72 hours to launch NATO’s migrant mission
It appeared the tallest of tall orders. German government officials were given just three days to turn a seemingly unworkable idea — sending NATO ships to the Aegean Sea to deter people-smugglers from taking migrants from Turkey to Greece — into an official proposal with the backing of all NATO allies.
In the space of 72 hours, they had done it. By Thursday morning, Jens Stoltenberg, the alliance’s secretary general, was telling reporters about a plan to begin the mission “without delay.”
The mission “will be tasked to conduct reconnaissance, monitoring and surveillance of the illegal crossings in the Aegean Sea in cooperation with relevant authorities, and to establish a direct link with the European Union’s border management agency Frontex,” Stoltenberg said.
“It is key that we act swiftly,” German Defense Minister Ursula von der Leyen told reporters, urging NATO officials to fill in the details after the ministers had given their political endorsement.
When the idea first came up on Monday, it seemed unlikely that it would ever come to fruition: A military alliance doing the job of police forces and coast guard agencies; NATO meddling in the EU’s struggle to protect its maritime borders; the Americans getting involved in affairs they see as purely European; and, most importantly, Athens agreeing to an idea that originated in Ankara, when the two governments barely communicate.
So when German Chancellor Angela Merkel backed Turkish Prime Minister Ahmet Davutoğlu’s idea on Monday, just two days ahead of the NATO ministerial meeting, she left a lot for her political and administrative staff to do. Frenetic behind-the-scenes negotiations followed, according to sources who were involved.
Devil in the detail
First came the technicalities, and here NATO was fortunate. Its Standing Maritime Group 2, made up of five ships at present, is already deployed in the Mediterranean, with the German supply vessel Bonn taking the lead, backed up by Italian, Canadian and, importantly, Turkish and Greek navies.
Three of those ships are ready to help tackle the migration crisis, Stoltenberg said. On Thursday, diplomatic sources told POLITICO, three more countries had pledged ships, including Denmark. A senior NATO staff member said the numbers were already large enough to efficiently carry out the operation.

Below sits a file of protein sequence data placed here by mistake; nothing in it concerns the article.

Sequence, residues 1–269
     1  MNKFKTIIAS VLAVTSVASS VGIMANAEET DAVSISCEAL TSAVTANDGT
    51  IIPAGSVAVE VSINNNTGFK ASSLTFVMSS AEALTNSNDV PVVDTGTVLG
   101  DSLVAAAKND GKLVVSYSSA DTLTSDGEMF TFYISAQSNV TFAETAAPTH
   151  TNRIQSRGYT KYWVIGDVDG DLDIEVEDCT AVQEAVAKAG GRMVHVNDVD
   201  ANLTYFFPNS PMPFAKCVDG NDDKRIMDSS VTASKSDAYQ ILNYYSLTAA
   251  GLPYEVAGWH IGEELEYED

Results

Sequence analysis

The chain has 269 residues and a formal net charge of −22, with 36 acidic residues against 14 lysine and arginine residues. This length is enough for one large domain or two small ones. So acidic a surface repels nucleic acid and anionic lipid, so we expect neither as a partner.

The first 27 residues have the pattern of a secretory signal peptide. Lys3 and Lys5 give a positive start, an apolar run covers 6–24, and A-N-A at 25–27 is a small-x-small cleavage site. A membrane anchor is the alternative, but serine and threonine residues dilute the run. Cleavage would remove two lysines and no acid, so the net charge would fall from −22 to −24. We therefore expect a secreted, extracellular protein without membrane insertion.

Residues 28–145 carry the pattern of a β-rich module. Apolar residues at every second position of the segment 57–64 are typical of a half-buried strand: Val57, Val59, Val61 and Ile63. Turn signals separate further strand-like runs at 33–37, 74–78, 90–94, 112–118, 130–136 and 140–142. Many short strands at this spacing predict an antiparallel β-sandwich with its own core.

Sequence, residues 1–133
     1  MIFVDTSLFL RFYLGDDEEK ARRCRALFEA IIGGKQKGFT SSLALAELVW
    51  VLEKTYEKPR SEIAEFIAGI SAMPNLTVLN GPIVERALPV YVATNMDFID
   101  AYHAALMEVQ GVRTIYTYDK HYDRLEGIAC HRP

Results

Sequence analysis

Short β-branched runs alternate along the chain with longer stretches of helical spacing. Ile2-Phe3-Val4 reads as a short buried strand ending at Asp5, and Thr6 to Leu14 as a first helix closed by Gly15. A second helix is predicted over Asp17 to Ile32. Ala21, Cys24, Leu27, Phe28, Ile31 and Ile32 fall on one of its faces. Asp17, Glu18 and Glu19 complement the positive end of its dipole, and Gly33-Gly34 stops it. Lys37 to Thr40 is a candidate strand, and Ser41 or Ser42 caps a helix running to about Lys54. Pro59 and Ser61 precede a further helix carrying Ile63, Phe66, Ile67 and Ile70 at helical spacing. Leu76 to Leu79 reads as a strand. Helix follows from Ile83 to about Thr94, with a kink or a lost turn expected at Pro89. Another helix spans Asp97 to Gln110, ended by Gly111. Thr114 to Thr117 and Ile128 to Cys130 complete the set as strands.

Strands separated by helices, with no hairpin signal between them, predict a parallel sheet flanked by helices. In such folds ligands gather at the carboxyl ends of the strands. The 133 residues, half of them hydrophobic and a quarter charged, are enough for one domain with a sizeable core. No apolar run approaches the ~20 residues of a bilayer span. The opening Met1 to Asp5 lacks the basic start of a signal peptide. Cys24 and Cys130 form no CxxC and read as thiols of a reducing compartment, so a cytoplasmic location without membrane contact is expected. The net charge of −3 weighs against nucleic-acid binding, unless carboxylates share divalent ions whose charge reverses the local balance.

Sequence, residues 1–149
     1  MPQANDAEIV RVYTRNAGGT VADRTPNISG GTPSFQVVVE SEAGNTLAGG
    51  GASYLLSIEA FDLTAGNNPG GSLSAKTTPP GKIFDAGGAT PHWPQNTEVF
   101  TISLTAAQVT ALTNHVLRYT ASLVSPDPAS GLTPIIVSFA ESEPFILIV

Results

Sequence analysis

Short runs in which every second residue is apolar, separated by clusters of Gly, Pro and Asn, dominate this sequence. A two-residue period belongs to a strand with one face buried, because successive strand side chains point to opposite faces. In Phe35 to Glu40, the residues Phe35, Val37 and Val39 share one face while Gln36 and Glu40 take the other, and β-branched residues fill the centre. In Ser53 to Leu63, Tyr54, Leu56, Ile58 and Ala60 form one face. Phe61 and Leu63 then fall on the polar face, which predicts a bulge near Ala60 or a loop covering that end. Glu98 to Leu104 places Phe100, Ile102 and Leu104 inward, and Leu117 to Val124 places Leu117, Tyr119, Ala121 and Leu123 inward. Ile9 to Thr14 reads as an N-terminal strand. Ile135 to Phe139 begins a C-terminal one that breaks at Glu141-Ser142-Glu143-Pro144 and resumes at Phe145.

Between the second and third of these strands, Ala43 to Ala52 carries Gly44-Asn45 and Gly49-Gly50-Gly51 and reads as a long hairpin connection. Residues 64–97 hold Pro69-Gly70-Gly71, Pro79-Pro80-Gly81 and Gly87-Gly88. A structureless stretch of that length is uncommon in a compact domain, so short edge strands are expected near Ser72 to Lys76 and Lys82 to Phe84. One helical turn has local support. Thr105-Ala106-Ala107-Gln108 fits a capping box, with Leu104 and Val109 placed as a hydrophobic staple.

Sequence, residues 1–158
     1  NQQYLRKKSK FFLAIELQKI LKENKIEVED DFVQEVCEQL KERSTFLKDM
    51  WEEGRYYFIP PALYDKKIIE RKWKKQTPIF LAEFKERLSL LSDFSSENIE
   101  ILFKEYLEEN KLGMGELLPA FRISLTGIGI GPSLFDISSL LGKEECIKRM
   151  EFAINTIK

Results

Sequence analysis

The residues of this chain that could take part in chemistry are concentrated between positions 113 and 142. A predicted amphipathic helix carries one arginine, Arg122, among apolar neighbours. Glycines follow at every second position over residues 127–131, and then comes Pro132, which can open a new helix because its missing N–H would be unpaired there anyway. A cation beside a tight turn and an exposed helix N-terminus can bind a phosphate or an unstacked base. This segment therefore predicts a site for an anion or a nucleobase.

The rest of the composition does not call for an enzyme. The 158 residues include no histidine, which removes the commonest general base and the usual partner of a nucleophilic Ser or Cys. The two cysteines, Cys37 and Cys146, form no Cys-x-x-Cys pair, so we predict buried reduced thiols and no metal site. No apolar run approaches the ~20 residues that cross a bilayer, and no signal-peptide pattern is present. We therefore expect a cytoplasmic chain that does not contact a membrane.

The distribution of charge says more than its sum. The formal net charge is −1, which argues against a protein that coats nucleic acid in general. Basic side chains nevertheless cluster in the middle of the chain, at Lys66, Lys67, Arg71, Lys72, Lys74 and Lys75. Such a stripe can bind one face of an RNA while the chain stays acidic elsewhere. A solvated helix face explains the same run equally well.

Then there was the political need for the operation: Bringing down the number of migrants crossing the maritime border from Turkey to Greece is key for the success of every part of the puzzle that European leaders are trying to put together to manage the influx of migrants.
Well over a million refugees arrived on Europe’s doorstep last year, many of them via Turkey, which has been hosting some 2.5 million Syrian refugees for several years.
“NATO is well set to monitor the situation closely and to let Turkish authorities know about activities at their coast,” the German government official said.
“The art was now to have a joint proposal to the secretary-general, (signed) by Greece and Turkey, ready within 72 hours,” the source said.
Greeks on board
First step was Merkel calling Greek Prime Minister Alexis Tsipras on Tuesday. His spokesperson, Olga Gerovasili, said the prime minister had made it clear that a NATO mission could only take place on Turkish territory, and there was no proposal made for Turkish-Greek joint patrols.
That didn’t seem the most promising of starts.
But NATO diplomats saw a way to please everyone, reading Tsipras’ demand as Athens not wanting Turkish ships to interfere in Greek territory. “That looked operationally manageable,” a military source said.
“That was not complicated to resolve. We made a great step forward,” the German government source said.
Indeed, “as part of the agreement, Greek and Turkish armed forces will not operate in each other’s territorial waters or airspace,” Stoltenberg said Thursday.
The second step was to get everyone on board. Important NATO members received phone calls from Berlin. Some, like Italy, were not hard to convince. Other were not quite as excited. The U.S. ambassador to NATO, Douglas Lute, didn’t rule out help on Tuesday, but he said dealing with the refugee crisis is primarily the EU’s job, rather than Washington or NATO’s.
But President Barack Obama had made his position clear late Monday, saying that he wanted “to see the United States working in concert with our NATO partners and European Union partners to address the humanitarian crisis and also to make sure that we’re going after some of the human trafficking networks that have been developing and are profiteering off the misery of others.”
The third hurdle was the hardest to overcome, the Germans believed: Making sure the NATO mission wouldn’t end up acting as a transport company for migrants, as the EU’s rescue operations in the Mediterranean were perceived by many.
While the mission’s mandate does not involve stopping or pushing back boats, international law does require NATO vessels to rescue people who risk drowning.
But when NATO ships rescue people, they’ll take them back to Turkey rather than on to Greece. “That’s important. Turkey doesn’t make any trouble taking people back,” the German source said.